Interview MIKHA M.
Date MARCH 2021
Human, designer and illustrator Amrita Marino grew up in Calcutta, India and currently resides in New York City. “I have also lived in Chicago, Illinois and Rochester, New York before moving here 13 years ago.”
“To be honest, over the last few years I am not sure I have belonged here as much as I did before. I hope this changes soon. I always loved how there was this convergence of various cultures in America. I have learnt about cultures that I otherwise might not have, and feel despite our differences, we have a shared goal in this country. It is a unique place like no other country.”
“Home is a refuge. Home sometimes means food - because what I eat now is very different from what I ate as a kid in India, which I still love more than anything. I will occasionally remember a food for no obvious reason and then usually call my Mother in India for a recipe. However, home is also something that my husband and I have built for ourselves to offer refuge and comfort; a place where we can experiment with ideas safely as creatives, and do projects to take care of the house and the environment. This could be as simple as planting easy to grow greens like spring onions and basil to avoid dependence on the supermarket chains to planning complex upgrades to an old bathroom. For the longest time, I have been very interested in interior design. A home offers a palette so to speak to try some of my design ideas.”
A: I came to America as an electrical engineer working in Information Technology. For the next decade I worked for various multinational organizations in technology till I changed my career into graphic design and now, illustration. My work now is entirely influenced by my new country. My husband, Greg, is an American who saw my various creative interests and convinced me that it was worth trying to take concrete steps to change my career. He said this was done in America frequently and I did not need to stay at a job I hated like my father did. I think the American work ethic has been a huge influence on me. Though I was always a good student in India, this work ethic has almost guided me as a second education of sorts; seeing young designers work harder than I ever had to do in my previous profession.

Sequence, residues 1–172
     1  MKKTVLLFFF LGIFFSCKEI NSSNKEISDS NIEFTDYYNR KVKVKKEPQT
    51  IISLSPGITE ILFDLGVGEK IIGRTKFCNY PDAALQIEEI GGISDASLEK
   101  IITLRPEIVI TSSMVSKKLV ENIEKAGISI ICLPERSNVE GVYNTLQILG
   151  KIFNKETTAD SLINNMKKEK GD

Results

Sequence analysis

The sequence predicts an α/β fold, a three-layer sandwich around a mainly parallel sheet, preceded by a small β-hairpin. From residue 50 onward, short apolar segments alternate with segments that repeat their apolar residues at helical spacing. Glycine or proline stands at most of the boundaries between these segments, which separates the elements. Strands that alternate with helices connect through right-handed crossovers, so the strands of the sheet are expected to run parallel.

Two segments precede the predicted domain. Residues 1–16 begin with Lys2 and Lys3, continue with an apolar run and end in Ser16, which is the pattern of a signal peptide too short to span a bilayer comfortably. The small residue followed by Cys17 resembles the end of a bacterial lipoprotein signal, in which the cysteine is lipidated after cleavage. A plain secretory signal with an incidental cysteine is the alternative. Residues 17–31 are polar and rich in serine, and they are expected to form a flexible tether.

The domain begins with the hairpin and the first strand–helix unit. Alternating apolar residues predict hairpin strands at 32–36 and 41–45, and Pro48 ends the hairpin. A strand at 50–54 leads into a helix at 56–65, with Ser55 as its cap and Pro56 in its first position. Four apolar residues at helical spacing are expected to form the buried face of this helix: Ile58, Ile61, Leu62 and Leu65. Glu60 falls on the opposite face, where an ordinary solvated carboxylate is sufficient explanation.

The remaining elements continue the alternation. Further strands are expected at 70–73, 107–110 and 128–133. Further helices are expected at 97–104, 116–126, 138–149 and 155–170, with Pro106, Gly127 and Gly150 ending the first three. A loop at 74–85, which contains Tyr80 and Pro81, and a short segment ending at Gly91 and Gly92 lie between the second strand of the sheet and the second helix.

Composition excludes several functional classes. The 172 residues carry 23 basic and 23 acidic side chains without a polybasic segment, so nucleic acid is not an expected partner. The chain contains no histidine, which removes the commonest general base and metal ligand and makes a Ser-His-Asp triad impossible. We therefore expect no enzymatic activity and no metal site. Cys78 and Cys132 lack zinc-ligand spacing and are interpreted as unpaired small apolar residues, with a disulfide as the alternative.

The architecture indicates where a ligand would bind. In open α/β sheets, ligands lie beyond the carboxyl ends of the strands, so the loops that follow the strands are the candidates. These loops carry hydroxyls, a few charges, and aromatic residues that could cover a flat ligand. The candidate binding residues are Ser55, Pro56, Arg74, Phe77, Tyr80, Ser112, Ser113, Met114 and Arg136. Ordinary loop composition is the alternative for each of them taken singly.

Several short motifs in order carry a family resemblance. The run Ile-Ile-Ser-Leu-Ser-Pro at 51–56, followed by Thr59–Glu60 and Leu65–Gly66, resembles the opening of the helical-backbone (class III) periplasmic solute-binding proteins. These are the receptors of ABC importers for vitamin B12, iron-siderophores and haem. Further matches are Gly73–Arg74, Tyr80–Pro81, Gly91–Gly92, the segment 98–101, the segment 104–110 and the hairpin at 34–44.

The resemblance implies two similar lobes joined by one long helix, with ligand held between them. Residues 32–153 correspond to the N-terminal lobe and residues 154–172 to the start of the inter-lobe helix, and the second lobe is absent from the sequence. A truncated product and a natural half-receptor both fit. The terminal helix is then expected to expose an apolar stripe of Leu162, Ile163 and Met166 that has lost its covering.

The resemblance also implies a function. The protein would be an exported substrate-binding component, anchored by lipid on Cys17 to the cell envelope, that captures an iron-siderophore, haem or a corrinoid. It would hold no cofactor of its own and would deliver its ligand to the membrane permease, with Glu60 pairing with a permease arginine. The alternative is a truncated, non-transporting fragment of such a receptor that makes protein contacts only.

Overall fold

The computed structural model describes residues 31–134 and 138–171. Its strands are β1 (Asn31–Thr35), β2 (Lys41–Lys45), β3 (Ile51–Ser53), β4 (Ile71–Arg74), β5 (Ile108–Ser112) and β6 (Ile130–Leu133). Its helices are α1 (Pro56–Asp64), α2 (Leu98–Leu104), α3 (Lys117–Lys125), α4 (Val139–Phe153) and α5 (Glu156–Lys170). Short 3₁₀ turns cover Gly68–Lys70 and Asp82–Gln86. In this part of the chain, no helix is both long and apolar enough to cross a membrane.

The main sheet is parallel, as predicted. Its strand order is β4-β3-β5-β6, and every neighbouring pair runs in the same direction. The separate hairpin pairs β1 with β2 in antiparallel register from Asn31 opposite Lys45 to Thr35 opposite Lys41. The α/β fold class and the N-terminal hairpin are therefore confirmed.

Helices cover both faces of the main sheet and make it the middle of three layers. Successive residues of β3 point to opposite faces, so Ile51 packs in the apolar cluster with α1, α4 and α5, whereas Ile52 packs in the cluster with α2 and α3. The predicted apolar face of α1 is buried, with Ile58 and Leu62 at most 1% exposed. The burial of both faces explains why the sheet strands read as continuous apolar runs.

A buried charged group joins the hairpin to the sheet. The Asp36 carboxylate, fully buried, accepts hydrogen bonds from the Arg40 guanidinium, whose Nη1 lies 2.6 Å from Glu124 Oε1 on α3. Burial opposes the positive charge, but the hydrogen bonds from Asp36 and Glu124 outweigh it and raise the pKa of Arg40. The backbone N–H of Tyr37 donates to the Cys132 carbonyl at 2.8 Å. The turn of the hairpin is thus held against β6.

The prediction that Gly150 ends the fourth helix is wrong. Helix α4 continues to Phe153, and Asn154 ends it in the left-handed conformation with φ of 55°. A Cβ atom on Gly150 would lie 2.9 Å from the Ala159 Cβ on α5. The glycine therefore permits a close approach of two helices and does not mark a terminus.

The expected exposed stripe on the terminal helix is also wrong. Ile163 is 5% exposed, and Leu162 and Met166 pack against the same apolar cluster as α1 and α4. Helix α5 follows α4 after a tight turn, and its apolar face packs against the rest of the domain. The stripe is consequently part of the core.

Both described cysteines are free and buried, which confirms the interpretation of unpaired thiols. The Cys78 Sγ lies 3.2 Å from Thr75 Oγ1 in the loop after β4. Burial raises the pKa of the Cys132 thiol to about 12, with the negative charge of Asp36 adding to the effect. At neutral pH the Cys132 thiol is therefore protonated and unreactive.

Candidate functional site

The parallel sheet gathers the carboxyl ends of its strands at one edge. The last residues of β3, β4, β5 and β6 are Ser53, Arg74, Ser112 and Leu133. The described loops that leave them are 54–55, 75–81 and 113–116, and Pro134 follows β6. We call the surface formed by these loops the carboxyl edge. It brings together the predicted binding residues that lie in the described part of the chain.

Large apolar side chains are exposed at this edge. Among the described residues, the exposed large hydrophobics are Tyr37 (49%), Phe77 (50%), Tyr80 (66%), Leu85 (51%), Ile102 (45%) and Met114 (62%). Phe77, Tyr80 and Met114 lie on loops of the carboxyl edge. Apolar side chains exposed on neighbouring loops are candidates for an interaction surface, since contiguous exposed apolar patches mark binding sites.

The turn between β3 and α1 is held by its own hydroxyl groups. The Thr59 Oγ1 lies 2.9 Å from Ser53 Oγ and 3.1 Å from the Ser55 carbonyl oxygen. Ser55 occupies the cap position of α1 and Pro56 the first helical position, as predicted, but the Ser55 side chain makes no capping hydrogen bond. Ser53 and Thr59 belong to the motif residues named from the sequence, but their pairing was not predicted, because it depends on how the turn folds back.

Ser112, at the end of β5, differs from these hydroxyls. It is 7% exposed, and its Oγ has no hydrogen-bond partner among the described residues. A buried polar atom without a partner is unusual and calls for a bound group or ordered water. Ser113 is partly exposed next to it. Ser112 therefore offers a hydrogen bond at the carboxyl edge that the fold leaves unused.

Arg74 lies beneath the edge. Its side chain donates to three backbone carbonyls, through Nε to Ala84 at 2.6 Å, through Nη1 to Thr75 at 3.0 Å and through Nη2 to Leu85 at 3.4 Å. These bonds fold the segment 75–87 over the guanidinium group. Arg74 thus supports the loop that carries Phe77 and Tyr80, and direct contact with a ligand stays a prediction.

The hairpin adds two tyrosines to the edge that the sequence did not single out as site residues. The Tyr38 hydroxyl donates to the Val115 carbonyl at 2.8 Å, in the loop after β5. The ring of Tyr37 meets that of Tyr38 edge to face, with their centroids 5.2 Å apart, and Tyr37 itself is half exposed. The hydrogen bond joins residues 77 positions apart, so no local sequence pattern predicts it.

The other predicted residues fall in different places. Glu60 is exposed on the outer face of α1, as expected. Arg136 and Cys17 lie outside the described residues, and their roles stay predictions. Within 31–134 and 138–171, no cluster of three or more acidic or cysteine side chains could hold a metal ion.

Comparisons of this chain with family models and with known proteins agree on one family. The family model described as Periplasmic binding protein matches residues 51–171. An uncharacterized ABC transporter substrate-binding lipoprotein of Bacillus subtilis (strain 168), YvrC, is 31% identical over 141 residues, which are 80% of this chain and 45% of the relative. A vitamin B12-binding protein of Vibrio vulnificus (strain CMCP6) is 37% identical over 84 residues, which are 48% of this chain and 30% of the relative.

“America is a unique social experiment – it’s success depends on the celebration of our differences while sharing a common goal.”
On the other hand, what has been somewhat eye-opening is the discussion of race. I grew up in a fairly racially homogeneous country. India has a checkered history of being conquered by foreigners who took advantage of regional and cultural differences. America is a unique social experiment – it’s success depends on the celebration of our differences while sharing a common goal. This is easier said than done especially in today’s environment. Another thing I notice is an expectation that I am a product of my background in a predictable way. As in has my art been shaped by my culture. I know it has. But I was never able to afford myself the opportunity to be an artist in India. It was practically impossible. My introduction to art happened largely in America, so my experience as an artist is shaped through the west.
Kolkata, West Bengal, India © Piero Regnante
Rabindranath Tagore © Encyclopædia Britannica, Inc.
What helps you recall home?
A: The songs of the Bengali poet, Rabindranath Tagore come to mind first and foremost. I also have this intense memory of being in Santiniketan - a university founded in Bengal by Tagore. I remember the students of the university singing and dancing under the moonlight to celebrate “Dol” - the Bengali version of Holi, a spring festival in India. Also, the Sergeant Pepper album by the Beatles, and the soundtrack of Doctor Zhivago.
A BIG SPLASH © Amrita Marino
What advice would you give to someone moving abroad?
A: Be open to new people and new experiences. When I first came here, I befriended Indian immigrants and tried to replicate the Indian life (and food) within America. In retrospect, I was closing myself. I understand that it takes time to settle into a new country and whatever path we take as immigrants is a valid and unique one.
Adriane de Souzaeditorial
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